|Kurt Busch is 25/1 to win Kobalt 400 for first time.|
Talk a little bit about how the plan came together to take the Harley J. Earl trophy on a Stanley Cup-like tour.
“We came up with an idea Friday morning in Atlanta. I realized that there are only two trophies from victory lane at Daytona, and you cannot get a replica of the trophy. Gene Haas has his from the breakfast afterward and it is now in Oxnard, California, at the Haas Automation headquarters. My trophy is at the race shop right now. All the crew guys have been taking selfies with it and other pictures of it and they had a toast the other night with it. I am going to get the nice carrying case that goes with it and I am going to send it out on a tour. I am going to turn our Harley J. Earl trophy into the Stanley Cup. It will make events here and there. I wanted to get replicas for Ford, Monster Energy, for myself and whomever is significant enough to get a replica. But they only make two. That is what is so significant and powerful about this trophy. The first visit after the SHR race shop will be to Las Vegas, so the fans in my hometown can see it, and then it will go to Corona, California, so it can hang out in the Monster headquarters for a little while.”
What does it feel like coming back to Las Vegas?
“Vegas is different. It’s our hometown and we grew up racing on that little three-eighth-mile bullring that is in the shadows of Las Vegas Motor Speedway. Every time I go out there, it reminds me of all the people who helped Kyle (Busch, brother) and I, especially our dad Tom. But the different Late Model teams, modified teams, the Legend car races, and all the competitors, the Dwarf car days. It’s just fun to come back and reminisce. But, ultimately you’ve got to strap on the helmet and focus on the task at hand. It’s always special in Vegas.”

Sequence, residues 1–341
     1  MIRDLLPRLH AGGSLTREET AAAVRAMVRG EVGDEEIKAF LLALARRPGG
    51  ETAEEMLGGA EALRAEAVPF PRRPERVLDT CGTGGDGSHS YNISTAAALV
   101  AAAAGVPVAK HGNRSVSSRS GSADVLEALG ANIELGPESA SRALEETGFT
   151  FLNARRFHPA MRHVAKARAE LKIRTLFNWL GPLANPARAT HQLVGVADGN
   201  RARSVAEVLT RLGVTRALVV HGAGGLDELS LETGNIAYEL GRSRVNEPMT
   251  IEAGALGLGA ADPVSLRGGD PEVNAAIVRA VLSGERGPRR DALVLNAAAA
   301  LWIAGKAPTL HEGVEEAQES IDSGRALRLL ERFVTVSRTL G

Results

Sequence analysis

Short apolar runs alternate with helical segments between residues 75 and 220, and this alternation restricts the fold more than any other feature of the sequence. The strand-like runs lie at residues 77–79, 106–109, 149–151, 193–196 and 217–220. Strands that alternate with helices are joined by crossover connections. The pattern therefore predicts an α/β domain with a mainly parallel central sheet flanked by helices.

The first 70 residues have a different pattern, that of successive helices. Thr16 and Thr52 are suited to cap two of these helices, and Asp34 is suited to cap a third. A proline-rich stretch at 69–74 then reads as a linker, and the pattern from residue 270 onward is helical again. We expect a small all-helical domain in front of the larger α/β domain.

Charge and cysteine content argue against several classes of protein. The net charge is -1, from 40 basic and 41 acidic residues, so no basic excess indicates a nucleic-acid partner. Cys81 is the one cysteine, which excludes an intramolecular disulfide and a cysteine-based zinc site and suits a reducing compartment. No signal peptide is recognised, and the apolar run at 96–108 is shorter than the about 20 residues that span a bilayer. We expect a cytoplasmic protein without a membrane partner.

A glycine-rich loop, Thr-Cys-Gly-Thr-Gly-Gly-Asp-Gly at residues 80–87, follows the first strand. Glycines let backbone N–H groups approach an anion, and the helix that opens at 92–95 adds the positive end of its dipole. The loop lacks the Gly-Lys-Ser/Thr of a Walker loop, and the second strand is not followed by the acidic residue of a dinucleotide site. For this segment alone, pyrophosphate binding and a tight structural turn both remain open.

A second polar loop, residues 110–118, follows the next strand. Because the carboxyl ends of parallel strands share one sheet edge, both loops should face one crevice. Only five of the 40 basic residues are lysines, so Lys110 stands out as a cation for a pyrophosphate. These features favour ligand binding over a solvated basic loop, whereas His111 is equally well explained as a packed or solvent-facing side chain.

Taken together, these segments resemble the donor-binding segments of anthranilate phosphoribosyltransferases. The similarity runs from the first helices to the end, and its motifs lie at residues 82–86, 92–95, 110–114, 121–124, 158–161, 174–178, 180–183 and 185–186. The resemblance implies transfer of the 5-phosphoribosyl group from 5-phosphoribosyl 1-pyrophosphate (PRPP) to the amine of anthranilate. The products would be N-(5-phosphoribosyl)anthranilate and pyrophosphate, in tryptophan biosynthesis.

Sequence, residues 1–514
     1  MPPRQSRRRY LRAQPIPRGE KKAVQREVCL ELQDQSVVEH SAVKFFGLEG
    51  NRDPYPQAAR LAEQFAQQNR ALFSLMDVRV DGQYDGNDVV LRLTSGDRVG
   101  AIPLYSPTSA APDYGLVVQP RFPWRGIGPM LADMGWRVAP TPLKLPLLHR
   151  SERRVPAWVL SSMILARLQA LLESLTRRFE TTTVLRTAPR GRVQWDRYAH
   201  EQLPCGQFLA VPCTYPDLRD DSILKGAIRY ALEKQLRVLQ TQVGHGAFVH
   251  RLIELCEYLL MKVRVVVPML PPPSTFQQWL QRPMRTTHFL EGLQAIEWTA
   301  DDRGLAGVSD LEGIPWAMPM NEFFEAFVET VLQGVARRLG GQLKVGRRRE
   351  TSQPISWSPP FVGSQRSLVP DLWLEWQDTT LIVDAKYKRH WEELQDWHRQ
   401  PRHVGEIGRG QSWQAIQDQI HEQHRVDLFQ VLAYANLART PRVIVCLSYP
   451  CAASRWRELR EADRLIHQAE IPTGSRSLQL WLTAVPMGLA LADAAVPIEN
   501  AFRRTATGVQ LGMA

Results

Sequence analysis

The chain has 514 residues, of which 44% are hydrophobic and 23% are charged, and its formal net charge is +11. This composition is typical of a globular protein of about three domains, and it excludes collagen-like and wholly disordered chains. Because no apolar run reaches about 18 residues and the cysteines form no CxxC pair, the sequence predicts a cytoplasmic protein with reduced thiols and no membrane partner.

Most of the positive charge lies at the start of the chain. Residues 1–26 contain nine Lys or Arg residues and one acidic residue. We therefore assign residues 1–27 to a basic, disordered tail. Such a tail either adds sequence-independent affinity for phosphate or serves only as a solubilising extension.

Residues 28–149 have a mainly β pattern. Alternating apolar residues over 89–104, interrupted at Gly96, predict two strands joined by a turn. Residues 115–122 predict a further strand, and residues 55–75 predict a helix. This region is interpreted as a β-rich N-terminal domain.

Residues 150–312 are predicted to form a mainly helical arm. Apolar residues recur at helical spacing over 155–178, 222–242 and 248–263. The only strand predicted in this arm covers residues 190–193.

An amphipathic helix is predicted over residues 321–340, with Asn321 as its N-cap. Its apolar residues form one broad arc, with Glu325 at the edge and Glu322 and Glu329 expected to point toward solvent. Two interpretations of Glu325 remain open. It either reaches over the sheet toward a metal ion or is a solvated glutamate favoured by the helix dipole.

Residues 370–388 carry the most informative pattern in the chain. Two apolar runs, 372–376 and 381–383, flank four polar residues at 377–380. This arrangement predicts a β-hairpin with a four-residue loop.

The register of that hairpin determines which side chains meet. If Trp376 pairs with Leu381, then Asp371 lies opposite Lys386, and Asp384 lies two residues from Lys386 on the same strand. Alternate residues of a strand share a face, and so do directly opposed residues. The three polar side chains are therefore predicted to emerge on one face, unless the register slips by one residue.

Chassis No. 993: Kurt Busch will pilot Chassis No. 993 in Sunday’s Kobalt 400 at Las Vegas Motor Speedway. Built new for 2016, Chassis No. 993 debuted in May at Charlotte (N.C.) Motor Speedway, where Busch earned his seventh top-five finish in the annual non-points NASCAR All-Star Race. Chassis No. 993 saw its first points-paying laps of the 2016 season in the Ford 400 at Homestead-Miami Speedway in November, when Busch struggled with an ill-handling racecar and finished 13th. Since then, Chassis No. 993 was outfitted with a new front clip and body in preparation for Sunday’s 400-mile race. Las Vegas Motor Speedway Notes of Interest:
The West Coast swing of races at Las Vegas, Phoenix, and Fontana serves as a pretty good indicator of where a team stands. How important is that slate of races?
“The West Coast swing is a perfect gauge for how your work went through the off-season, whether it’s the wind tunnel, the chassis dyno, new development, and then the team, as far as how the pit crew is performing. Those races on the West Coast swing really can put a stamp on where you are, what needs to be done, and what weaknesses or strengths we have.”
There are a lot of logistics involved in the West Coast swing. What do you do? Do you stay out on the West Coast or do you commute like you would to other NASCAR races?